While studying purple bronze, a molybdenum oxide, researchers discovered an unconventional charge density wave on its surface.

Im Focus: Mapping electromagnetic waveforms

Munich Physicists have developed a novel electron microscope that can visualize electromagnetic fields oscillating at frequencies of billions of cycles per second.

Temporally varying electromagnetic fields are the driving force behind the whole of electronics. Their polarities can change at mind-bogglingly fast rates, and...

Im Focus: Continental tug-of-war - until the rope snaps

Breakup of continents with two speed: Continents initially stretch very slowly along the future splitting zone, but then move apart very quickly before the onset of rupture. The final speed can be up to 20 times faster than in the first, slow extension phase.phases

Present-day continents were shaped hundreds of millions of years ago as the supercontinent Pangaea broke apart. Derived from Pangaea’s main fragments Gondwana...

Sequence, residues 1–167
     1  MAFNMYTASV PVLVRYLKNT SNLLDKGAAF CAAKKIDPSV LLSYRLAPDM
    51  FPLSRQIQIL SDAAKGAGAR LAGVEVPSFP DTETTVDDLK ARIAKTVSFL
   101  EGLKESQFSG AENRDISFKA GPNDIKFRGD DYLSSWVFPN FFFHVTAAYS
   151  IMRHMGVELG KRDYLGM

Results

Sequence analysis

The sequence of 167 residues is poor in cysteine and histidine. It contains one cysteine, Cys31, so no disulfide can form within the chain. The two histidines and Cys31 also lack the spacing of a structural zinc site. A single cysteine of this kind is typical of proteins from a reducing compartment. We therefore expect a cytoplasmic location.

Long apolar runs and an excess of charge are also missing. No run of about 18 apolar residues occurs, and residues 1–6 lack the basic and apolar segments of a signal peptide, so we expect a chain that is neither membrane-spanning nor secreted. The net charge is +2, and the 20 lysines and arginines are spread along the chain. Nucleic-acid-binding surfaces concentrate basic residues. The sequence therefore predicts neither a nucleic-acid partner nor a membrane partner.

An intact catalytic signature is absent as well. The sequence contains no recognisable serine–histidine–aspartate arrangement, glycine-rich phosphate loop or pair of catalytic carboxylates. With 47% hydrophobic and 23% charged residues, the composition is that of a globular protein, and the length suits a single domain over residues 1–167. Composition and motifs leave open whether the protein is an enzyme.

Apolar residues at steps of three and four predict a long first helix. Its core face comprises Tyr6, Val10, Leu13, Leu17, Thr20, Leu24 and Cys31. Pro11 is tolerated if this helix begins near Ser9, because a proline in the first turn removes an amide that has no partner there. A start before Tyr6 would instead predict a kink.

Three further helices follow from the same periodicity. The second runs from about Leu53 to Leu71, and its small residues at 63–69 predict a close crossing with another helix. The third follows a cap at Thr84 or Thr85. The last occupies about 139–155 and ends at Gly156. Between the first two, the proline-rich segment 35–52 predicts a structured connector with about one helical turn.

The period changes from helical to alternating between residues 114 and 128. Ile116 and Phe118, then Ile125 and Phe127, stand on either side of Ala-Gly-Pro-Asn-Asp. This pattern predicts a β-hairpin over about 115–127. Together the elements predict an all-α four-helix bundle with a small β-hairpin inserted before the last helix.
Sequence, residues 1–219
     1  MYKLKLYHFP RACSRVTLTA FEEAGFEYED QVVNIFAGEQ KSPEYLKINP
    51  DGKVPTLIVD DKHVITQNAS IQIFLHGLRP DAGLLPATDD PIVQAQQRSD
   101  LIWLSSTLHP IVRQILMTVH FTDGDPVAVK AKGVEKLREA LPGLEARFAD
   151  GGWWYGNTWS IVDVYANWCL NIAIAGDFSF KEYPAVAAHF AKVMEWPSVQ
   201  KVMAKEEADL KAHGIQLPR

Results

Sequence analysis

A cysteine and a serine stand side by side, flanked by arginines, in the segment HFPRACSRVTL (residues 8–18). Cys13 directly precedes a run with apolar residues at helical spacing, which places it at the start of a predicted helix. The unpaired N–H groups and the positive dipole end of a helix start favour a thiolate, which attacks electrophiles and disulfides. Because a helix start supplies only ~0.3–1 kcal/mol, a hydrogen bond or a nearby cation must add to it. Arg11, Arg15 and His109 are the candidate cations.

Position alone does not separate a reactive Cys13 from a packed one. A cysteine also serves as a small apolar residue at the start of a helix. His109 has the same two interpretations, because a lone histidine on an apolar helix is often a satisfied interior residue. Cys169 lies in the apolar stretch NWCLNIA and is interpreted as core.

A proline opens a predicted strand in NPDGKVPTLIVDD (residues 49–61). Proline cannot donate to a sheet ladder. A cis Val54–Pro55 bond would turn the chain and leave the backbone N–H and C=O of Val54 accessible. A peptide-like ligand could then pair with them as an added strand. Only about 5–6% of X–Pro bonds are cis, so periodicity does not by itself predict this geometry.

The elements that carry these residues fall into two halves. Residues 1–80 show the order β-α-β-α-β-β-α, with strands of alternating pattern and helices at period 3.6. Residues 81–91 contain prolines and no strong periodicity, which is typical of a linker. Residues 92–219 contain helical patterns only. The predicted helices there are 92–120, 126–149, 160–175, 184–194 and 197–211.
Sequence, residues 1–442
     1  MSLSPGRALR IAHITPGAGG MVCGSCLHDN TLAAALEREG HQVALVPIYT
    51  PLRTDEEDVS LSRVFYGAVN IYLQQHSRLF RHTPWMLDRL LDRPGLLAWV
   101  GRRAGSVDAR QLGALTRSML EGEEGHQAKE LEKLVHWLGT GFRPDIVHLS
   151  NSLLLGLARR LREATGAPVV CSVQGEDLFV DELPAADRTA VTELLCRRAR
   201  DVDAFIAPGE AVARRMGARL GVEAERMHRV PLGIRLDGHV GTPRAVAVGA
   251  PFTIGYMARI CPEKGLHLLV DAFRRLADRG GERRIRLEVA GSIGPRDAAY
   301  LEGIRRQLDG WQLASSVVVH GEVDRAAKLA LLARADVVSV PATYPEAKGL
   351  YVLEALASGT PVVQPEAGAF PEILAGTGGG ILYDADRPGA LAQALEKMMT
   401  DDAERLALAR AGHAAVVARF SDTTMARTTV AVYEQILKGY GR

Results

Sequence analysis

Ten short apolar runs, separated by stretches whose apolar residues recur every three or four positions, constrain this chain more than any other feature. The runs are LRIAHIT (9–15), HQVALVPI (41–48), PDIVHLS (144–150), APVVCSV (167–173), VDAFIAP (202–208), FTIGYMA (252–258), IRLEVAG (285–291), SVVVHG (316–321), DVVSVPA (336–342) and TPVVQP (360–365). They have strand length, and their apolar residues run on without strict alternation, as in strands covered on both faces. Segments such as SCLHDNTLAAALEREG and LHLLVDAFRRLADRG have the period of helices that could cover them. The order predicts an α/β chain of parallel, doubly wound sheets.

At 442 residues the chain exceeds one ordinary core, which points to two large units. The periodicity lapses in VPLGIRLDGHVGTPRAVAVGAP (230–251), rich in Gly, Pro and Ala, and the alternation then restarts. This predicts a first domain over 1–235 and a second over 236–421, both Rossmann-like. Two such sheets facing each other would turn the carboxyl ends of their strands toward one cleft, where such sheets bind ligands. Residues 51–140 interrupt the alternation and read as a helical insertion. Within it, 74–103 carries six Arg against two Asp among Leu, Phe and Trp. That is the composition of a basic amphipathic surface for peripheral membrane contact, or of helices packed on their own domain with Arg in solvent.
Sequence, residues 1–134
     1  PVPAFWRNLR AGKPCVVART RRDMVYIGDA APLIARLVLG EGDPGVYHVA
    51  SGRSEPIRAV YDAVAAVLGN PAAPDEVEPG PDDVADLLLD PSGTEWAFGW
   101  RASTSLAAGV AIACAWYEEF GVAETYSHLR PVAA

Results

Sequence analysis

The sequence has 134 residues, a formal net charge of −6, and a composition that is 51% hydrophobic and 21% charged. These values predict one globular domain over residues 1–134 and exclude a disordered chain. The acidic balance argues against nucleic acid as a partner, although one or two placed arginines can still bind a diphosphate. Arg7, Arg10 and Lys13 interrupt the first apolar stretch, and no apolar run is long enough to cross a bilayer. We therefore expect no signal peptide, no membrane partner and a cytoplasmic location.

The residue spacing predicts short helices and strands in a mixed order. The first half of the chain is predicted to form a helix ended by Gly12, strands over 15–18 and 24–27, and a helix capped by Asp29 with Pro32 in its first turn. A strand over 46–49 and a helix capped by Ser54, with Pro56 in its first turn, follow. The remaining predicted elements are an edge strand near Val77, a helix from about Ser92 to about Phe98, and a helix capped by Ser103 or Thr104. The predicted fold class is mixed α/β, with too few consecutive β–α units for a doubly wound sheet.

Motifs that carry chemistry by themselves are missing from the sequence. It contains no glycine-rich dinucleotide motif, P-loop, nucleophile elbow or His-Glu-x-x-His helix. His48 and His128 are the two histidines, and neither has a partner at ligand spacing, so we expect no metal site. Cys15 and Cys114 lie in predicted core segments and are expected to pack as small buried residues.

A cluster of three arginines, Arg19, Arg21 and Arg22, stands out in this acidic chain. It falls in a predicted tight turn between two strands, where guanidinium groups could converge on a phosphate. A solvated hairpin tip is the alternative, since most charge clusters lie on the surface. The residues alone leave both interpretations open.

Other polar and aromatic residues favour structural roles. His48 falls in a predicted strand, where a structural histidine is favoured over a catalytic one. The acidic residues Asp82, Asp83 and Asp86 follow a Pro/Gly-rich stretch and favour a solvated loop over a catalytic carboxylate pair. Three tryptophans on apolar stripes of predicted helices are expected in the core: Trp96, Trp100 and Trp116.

All Focus news of the innovation-report >>>

Anzeige

Anzeige

Event News

Clash of Realities 2016: 7th Conference on the Art, Technology and Theory of Digital Games

29.07.2016 | Event News

GROWING IN CITIES - Interdisciplinary Perspectives on Urban Gardening

15.07.2016 | Event News

SIGGRAPH2016 Computer Graphics Interactive Techniques, 24-28 July, Anaheim, California

15.07.2016 | Event News

 
Latest News

Vortex laser offers hope for Moore's Law

29.07.2016 | Power and Electrical Engineering

Novel 'repair system' discovered in algae may yield new tools for biotechnology

29.07.2016 | Life Sciences

Clash of Realities 2016: 7th Conference on the Art, Technology and Theory of Digital Games

29.07.2016 | Event News

VideoLinks
B2B-VideoLinks
More VideoLinks >>>